Cambridge Baby!

My uneventful first 2 weeks at Cambridge


So, it’s been like two whole weeks in a whole new country and I have so much to write about, literally! Firstly, of course, I must apologise to my ardent fans and faithful stalkers who always turn up to read my freshly typed out posts for such an inordinate delay between blog posts. I hear some of them were eating out their livers in anticipation. Some of them even deactivated their facebook profiles as protest! Nevertheless, I’ve picked up my quill again (or the keyboard perhaps?), so you can heave a sigh of relief! No more organ eating. Phew!

So let’s begin at the very beginning! The day was shiny with the sun up and glowing and then I stepped out of my flight. It has been raining since. If someone tells you that British weather is bad, don’t believe him. It’s not bad:it’s a marriage of horrible and what the f***? I’ve already caught a sneeze and am sustaining myself on paracetamol. One morning, you might feel like: “Wow! The weather’s so awesome! Let’s hold a party for such a rare event as being able to see the sun”. And then,the British clouds would be all like: “Haha, let’s drown his party, just for fun!”. Some of my English friends helpfully informed me that it’s even worse in the north near Scotland, where it apparently rains throughout the year. Haha. Nice joke. I honestly don’t see how that is possible considering the fact that rains in Cambridge twice a day seven days a week!

Actually, the journey was pretty cool (no, it wasn’t) as well, so let’s not skip that. Alone in a flight for 13.5 hours might be a romantic experience for most authors I read. But when reality splashes on your face, you realise that there is nothing so awesome about it at all. Yes, the flight was a Dreamliner with a stopover at Doha. I was offered on flight wine for the first time, walked into immigration myself, caught a bus from Heathrow to Cambridge all alone. But the end of the 20-hour ordeal, I just wanted a bed to sleep for the next 20 days. (No, that’s not what I’ve been doing since my arrival at Cambridge! Sigh!)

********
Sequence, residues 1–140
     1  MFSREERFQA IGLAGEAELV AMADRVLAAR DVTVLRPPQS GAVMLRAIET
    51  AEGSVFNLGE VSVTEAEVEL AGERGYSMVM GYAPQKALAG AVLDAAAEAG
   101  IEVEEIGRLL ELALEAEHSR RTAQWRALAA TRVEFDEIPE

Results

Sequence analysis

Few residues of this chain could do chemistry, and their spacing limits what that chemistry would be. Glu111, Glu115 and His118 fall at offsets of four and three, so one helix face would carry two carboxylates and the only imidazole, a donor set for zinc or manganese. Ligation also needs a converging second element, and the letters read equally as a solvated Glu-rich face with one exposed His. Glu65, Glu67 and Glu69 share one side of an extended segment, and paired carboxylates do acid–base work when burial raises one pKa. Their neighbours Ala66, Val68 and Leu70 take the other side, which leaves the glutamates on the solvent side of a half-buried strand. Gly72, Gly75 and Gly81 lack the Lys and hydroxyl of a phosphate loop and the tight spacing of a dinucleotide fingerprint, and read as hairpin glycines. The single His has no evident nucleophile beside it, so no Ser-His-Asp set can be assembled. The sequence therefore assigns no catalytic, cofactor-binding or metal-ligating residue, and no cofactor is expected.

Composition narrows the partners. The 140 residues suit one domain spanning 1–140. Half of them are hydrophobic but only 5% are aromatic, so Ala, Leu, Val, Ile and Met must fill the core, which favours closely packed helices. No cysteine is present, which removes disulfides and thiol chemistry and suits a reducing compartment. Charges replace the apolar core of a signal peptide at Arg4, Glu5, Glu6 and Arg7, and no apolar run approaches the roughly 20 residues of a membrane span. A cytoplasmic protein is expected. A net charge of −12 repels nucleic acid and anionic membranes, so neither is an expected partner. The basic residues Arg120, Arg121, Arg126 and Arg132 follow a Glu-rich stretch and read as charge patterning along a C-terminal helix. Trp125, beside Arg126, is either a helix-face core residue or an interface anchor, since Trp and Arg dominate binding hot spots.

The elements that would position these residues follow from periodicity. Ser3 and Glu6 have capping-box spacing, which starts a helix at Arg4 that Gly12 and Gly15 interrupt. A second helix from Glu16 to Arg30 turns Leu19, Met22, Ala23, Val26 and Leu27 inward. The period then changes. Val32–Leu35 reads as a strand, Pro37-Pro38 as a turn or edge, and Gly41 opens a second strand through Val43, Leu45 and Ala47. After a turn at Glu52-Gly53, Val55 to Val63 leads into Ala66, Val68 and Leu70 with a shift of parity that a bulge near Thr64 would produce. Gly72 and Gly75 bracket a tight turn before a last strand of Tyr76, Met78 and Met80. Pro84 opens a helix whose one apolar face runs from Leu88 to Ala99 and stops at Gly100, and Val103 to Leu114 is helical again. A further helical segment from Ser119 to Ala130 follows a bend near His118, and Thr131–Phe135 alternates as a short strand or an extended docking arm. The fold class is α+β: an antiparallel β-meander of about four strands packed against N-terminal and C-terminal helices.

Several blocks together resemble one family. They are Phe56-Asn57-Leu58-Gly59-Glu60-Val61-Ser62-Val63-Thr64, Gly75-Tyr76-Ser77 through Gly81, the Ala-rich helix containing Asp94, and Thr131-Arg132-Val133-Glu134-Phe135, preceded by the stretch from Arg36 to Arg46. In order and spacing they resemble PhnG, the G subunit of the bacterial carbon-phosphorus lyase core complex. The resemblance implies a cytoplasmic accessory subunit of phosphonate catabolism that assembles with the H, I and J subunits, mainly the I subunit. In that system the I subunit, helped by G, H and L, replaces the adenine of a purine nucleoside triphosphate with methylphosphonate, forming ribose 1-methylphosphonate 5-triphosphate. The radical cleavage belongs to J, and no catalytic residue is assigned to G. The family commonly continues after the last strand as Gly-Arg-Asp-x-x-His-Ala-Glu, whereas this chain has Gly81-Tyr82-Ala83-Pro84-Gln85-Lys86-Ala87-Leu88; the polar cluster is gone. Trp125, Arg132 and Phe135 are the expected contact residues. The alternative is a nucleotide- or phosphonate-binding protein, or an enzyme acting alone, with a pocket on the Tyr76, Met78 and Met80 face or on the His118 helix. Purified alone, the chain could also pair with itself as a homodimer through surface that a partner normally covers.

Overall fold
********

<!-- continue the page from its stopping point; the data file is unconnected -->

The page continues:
Culture shocks is what most people write about. So I’ll touch upon it as well without being much of an iconoclast. For a change, roads are clean. Cars don’t blare their horns at all. People are in general more polite and more obedient to the rules which exist. There is hardly any pollution. Cap that with some amazing Jacobean era architecture which Cambridge boasts and you get a splendid living standard (without mentioning of course, how extraordinarily expensive the UK is even with the post-Brexit exchange rate to maintain that living standard). But all this is drab compared to the shock which I faced in my room.

So, I live in a college house with 2 other guys and girls. Now, unlike our rooms in India, none of the rooms have fans. Instead, they have radiators with a central heating which breaks down every other day. The kitchen ovens are electric with no gas supply! (BTW, food is so expensive around here, I have been forced to learn rudimentary cooking to save my fast dwindling supply of Sterling). But the greatest shock I faced was in their toilets! These Europeans are extremely weird. They use toilet paper with no tap around the commode at all! Absolutely horrifying experience on my first day. For the uninitiated Westerner reading this, we Indians use water (jets or other sources) to clean *that* area after the smelly deed has been done. I couldn’t tolerate this initially. But now, I take a shower after the call I answer to mother Nature. It’s kind of a compromise, but at least I feel more comfortable! Phew!

I guess I left out quite a lot of stuff already because I’ve been on quite a few excursions with some *pals*, been to a few ‘bops’ and gotten really drunk. But that’s the usual stuff and I’ll come back to it later if I am depressed enough to talk about it. But I’ll come to the main point: education standard. Is it difficult? How hard is it?


BTW, here is where I literally study: Centre of Mathematical Sciences

Well, it’s terribly hard. And even more so because they tend to squish their course into 8 week modules. Imagine learning a whole lot of General Relativity, Cosmology, Quantum Field Theory in under 8 weeks. Don’t try. It’s unimaginable. I seriously feel the course needs a relook. The lecturers barely teach than race to complete the course. The studying of course is left to poor souls like us: ostensibly called study groups,but I do that mainly by myself. Part III Maths is perhaps the hardest course possible and most of my classmates arrive at Cambridge with a 4 year undergrad degree, job experience or masters under their belt and intending to slay the course as “another revision”, while I’m perhaps dealing with these modules for the first time after my 3 year undergrad degree. So, yeah. That’s what I’ve been mainly trying to do over the last couple of weeks. Getting myself at par with the “other extraordinary people Cambridge admitted alongside me”! (Sly smile)

But, you’ll be glad to learn that I’ve made some significant progress. However, I cannot assure you people that I’ll continue a steady flow posts, I guess. :/




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